Singing “We Shall Overcome,” protestors laid down on the sidewalk in front of the Department of Housing and Urban Development (HUD) to protest proposed cuts to federal funds and programs designed to assist low-income, working-class, seniors, and the disabled in securing safe, affordable housing.

As housing insecurity becomes more prevalent during the Trump administration, Sen. Elizabeth Warren is questioning the role of neurosurgeon Ben Carson (pictured) as HUD secretary. (AP Photo/Sue Ogrocki)

Billed as the Tenants March on Washington, hundreds of marchers from around the country joined organizers from New York, New Jersey, Florida, Delaware, and California on July 12 to demand that HUD Secretary Ben Carson act on their behalf.

An initial gathering took place at the Church of the Reformation in Northeast D.C., where Sen. Elizabeth Warren (D-Mass.) told those gathered that she had thrown her support behind the issue of affordable and reasonable housing because she considers housing a basic human right.

“For families who are just scraping by each month, saving every penny they have to make the rent and keep the lights on, Donald Trump just wants to make life harder,” Warren told the crowd. “That is why we are here to say no, to cuts for housing, no cuts for city councils trying to help families, and no cuts for housing for seniors and those with disabilities. Any member of Congress who votes [yes] to cuts that make people lose their homes, then those members of congress ought to lose their offices.”

The national average apartment rent increased by 4 percent in 2016, reaching $1,210 a month, according to Yardi Matrix, a think tank that charts rental rates across the country. Additionally, due to rising rates, renters in six U.S. cities essentially paid an extra month of rent last year in increases. The District ranked ninth among the top 10 cities with highest rental rates. One-bedroom units in Manhattan averaged more than $4,000, with D.C. coming in at a rate of $2,053.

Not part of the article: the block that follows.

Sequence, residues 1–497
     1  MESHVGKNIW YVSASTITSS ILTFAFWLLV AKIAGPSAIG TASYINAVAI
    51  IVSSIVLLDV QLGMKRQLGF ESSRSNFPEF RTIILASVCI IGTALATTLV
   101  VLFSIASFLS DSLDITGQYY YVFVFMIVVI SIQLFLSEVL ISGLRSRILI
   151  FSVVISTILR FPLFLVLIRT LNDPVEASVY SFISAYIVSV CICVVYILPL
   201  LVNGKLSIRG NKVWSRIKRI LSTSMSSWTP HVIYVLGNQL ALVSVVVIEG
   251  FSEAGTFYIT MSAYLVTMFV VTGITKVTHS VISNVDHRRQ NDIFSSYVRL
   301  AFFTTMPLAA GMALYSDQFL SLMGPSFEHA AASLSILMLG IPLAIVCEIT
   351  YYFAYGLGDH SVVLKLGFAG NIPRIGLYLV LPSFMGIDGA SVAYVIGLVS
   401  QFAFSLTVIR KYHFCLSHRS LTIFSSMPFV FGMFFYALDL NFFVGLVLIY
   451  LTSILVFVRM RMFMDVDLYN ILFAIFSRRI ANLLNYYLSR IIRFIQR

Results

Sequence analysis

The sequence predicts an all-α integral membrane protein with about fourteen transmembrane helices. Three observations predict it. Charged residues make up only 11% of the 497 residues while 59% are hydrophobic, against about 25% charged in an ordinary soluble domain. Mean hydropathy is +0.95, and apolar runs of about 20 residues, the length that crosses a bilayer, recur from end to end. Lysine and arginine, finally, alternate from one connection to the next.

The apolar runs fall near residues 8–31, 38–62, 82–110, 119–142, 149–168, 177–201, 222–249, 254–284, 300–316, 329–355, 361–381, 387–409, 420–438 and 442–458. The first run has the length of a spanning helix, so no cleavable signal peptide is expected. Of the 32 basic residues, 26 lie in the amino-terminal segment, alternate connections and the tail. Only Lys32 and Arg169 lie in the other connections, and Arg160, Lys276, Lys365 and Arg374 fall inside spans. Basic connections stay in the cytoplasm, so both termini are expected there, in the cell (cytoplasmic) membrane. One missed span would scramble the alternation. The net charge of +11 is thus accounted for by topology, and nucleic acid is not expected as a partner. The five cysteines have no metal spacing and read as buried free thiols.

“We have to keep HUD’s feet to the fire, especially when President Trump has placed a neurosurgeon, Ben Carson, someone with little understanding of housing, working-class households and incomes, and the strain of making ends meet, at the helm,” Pittsburgh resident and housing advocate Tracey Harris said. “There is a mass movement to displace half of the law-abiding, taxpaying citizens of this country by raising rents or instituting new housing rules. We have to fight back, and keep fighting.”

Warren and other marchers voiced concerns over the Trump administration’s continued strong ties with Blackstone, a private equity firm that operates as the largest landlord in the United States and, according to housing rights advocates, is the “major driver of evictions.”

In addition, a recent New York Times story highlighted accusations that Jared Kushner, Trump’s son-in-law and advisor, has been a neglectful landlord with properties he owns in several states, including Maryland.

Warren said cutting federal funds that assist with affordable housing programs, including Section 8 and vouchers, would impact those most vulnerable and create an atmosphere of housing insecurity.

“Hundreds of thousands of families will lose access to their housing vouchers and families will be forced to spend even more of their money on rent,” she said. “And that means less money for food, for books, less money for school, and on a car to get to work.”

“Who does this administration want to help,” she asked. “While they are talking about a $6 billion cut to HUD, this administration handed out a $1 billion government guarantee to Blackstone so they would be able to finance the purchase of more property. That means taxpayer money is being used to help out one of Wall Street’s worst landlords.”